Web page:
Le petit flambeau

L'Autriche vue par un universitaire français…

Tilgungsfrist, whitewashing & blanchiment…

The question which interests me in the Amstetten case is whether or not there is something Austrian in it. As I wrote in the previous entry of this blog, it would be naïve just to link the Kampusch story with the Fritzl one and write on “Austria” or “Austrians”. Of course, there is no monopoly on cruelty. I tried therefore to see first what Austrian writers had to say about the case, and it appeared that the “look-away” (Wegschauen) culture played a role as well as the habit of obeying social codes and staying unnoticed.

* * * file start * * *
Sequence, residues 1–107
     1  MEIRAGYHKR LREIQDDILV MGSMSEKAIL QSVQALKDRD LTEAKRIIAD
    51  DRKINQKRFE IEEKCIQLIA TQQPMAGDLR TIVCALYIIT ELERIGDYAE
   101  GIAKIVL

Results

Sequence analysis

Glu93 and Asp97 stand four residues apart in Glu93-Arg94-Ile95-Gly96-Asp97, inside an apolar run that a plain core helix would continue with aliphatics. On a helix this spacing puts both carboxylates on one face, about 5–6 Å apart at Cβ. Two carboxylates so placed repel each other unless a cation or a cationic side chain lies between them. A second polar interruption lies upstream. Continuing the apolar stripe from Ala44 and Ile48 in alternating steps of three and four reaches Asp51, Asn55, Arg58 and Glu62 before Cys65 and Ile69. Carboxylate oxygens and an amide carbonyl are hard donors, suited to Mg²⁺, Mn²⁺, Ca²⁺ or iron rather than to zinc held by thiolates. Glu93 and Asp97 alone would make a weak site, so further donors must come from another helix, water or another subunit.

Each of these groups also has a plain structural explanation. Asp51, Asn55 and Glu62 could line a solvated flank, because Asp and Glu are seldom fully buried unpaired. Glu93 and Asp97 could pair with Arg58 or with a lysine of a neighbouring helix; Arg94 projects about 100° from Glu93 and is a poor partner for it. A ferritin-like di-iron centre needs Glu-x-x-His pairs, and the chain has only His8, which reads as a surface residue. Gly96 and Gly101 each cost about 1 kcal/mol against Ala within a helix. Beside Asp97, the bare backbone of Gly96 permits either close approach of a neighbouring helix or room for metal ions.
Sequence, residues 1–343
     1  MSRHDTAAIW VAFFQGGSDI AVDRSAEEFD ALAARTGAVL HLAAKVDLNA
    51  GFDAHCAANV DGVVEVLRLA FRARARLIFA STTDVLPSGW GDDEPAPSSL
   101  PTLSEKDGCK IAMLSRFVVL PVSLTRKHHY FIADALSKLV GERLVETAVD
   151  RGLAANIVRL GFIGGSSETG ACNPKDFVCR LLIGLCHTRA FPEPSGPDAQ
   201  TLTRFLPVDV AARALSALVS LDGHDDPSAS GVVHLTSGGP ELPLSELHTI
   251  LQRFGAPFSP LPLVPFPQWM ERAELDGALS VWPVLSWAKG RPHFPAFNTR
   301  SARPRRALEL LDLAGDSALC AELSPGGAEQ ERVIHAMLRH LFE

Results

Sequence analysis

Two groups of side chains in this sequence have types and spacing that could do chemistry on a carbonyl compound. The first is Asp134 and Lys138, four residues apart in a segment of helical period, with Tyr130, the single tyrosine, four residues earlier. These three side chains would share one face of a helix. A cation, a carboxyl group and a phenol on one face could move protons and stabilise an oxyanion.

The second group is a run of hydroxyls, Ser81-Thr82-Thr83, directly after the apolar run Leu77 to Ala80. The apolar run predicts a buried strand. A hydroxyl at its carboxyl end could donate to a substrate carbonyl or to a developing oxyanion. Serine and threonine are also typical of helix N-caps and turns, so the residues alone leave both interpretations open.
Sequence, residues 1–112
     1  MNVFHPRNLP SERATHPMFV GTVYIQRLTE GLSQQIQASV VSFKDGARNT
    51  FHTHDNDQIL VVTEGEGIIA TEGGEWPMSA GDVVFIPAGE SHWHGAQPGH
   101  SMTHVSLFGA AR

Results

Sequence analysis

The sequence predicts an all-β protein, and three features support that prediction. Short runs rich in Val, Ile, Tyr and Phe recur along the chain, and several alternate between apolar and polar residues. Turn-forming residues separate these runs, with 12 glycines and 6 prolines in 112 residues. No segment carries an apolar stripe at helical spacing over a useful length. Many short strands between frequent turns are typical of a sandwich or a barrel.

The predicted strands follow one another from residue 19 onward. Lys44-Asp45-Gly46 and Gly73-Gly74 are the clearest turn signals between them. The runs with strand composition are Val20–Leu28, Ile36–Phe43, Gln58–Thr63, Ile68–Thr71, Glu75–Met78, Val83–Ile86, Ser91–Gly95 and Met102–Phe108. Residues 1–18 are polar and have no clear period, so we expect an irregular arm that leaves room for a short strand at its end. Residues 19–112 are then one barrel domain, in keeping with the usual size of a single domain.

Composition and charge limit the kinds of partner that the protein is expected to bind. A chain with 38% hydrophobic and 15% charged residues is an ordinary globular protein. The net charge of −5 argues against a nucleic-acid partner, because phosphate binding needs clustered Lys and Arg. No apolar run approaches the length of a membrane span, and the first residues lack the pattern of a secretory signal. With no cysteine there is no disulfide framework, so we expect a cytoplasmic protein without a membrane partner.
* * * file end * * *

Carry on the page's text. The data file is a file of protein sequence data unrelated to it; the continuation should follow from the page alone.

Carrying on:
Now, there is also a matter-of-fact analysis which might be interesting for social scientists , namely the way Austrian law foresees the whitewashing of criminal records. The Amstetten guy, Josef Fritzl, had been convicted in 1967 of having raped a woman. He had been sentenced to (only) 18 months in jail but when he asked for the adoption right to one of his (grand)children, his criminal record had been completely erased. It’s the so called “Tilgungfrist”: whatever sentence you received (apart from lifelong prison), after 15 years it’s just wiped off your criminal record. Fritzl could easily adopt or obtain the legal care of three of his seven (grand)children, social services never had a chance to know about his past.

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8 mai 2008 Posted by | Autriche | , , , , , , , , | Un commentaire